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Scientists have lifted the veil on the first images ever captured of a black hole's event horizon.

Scientists from Harvard, MIT, Boston University and around the world on Wednesday announced they have managed to take a snapshot of one of the still-mysterious interstellar objects using data collected by the Event Horizon Telescope.

"We are delighted to be able to report to you today that we have seen what we thought was unseeable". That makes you feel that you really do understand some small part of our universe.

For the Event Horizon Telescope have combined the scientists of eight radio telescope observatories on four continents.

It's well-known that a black hole's gravity is so overpowering that even light can not escape its center.

"The event horizon, the point of no return". Its distance from the Earth is around 55 million light-years, so it clearly does not threat our planet.

Simultaneously with Wednesday's announcement, six papers detailing the work of the collaboration will be published.

Outside scientists suggested the achievement could be worthy of a Nobel Prize, just like the gravitational wave discovery.

"We are going into a regime where no one has ever gone before", says Bower, "We have Einstein's theory of general relativity, over a hundred years old right now...and it works!" This gas in this area heats up to billions of degrees, creating a silhouette, the shape of which should be able to be predicted by Einstein's theory of gravity. That's because that light is approaching Earth. "The image in Interstellar is nearly correct", Kazunori Akiyama, postdoctoral researcher at the MIT Haystack Observatory who led the team that created the EHT's image, explained to Gizmodo. "Making it these warm gold and oranges makes sense". This observation is a test of "strong gravity", where the differences are large and observable.

Up to now we have only seen black holes in sophisticated simulations of what scientists and sometimes movie makers think they look like.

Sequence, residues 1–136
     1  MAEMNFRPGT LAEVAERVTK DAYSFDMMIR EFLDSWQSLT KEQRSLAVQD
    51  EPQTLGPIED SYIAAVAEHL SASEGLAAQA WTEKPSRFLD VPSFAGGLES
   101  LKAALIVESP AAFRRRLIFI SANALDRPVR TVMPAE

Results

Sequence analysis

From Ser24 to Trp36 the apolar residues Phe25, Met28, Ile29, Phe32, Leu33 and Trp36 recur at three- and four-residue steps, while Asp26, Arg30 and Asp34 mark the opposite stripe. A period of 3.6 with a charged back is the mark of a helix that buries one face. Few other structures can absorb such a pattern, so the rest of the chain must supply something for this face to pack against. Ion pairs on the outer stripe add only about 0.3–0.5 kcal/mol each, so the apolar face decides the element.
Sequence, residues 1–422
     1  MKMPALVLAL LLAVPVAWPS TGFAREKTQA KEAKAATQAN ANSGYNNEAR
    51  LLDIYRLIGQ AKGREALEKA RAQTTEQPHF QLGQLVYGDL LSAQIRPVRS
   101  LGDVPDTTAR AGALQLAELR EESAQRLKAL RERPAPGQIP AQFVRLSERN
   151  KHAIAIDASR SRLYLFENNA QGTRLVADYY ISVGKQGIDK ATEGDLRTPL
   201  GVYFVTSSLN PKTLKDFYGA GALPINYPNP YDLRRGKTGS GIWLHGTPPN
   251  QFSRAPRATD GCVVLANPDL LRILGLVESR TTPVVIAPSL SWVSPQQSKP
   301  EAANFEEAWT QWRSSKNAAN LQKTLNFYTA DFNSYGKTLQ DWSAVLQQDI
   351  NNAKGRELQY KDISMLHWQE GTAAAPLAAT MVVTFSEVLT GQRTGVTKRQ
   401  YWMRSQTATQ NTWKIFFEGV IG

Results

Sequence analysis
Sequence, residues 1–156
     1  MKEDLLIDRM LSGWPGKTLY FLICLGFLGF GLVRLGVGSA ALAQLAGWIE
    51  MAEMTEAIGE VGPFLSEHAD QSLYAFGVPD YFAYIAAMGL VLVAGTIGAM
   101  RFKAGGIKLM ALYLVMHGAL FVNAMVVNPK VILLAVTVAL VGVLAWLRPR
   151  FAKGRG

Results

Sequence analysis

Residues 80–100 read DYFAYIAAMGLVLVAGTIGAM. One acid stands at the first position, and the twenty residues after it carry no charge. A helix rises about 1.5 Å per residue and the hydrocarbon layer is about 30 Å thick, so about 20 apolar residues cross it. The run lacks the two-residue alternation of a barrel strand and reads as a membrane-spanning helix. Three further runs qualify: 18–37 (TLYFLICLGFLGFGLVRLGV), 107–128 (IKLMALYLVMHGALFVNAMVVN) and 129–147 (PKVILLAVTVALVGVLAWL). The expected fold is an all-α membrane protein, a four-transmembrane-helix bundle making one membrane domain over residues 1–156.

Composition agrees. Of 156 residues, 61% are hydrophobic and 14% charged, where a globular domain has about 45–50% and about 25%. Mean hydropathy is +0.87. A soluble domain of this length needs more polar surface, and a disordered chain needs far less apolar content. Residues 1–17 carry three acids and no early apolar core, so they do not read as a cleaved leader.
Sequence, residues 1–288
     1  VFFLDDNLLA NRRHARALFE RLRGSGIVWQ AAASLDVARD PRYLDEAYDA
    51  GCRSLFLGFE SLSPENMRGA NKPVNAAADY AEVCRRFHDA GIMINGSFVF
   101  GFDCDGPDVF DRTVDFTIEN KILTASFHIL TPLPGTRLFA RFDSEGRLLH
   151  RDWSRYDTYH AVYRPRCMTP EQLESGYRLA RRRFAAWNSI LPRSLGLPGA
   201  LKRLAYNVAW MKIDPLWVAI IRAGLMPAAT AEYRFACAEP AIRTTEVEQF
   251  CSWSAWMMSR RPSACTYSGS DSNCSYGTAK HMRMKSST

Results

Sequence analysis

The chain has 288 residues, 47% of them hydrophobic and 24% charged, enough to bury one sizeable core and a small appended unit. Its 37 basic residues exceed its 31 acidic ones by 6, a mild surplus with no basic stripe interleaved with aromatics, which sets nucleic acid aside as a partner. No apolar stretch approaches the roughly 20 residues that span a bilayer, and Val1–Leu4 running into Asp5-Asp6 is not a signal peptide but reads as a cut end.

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The project cost $50 million (NZ$73.8 million) to $60 million (NZ$88.6 million), with $28 million (NZ$41.3 million) of that coming from the National Science Foundation.

And last, but not least, we could not miss out on the fact that the black hole looks very similar to the Eye of Sauron from "Lord of the Rings".

Scientists across the world are very excited about the breakthrough picture. "To see the stuff going down the tubes, so to speak, to see it firsthand".

This twisting motion causes them to release photons, which is the main source of emission from matter close to the black hole.

Its creation made an endeavour that was previously thought impossible, a reality.

While black holes are invisible by nature, the ultra-hot material swirling in their midst forms a ring of light around the perimeter that reveals the mouth of the object itself based on its silhouette.

"Just a couple of years later, Karl Schwarzschild - he was a German astronomer who was stationed on the Russian front in World War One and was charged with calculating artillery trajectories - somehow gets ahold of Einstein's manuscript and realises something unbelievable". This black hole is seven billion times the mass of the sun.

The cool image was possible with two years of computer analysis of observations from the Event Horizon Telescope (EHT), a global network of radio antennas.

Messier 87's black hole is just one of two researchers are pursuing.


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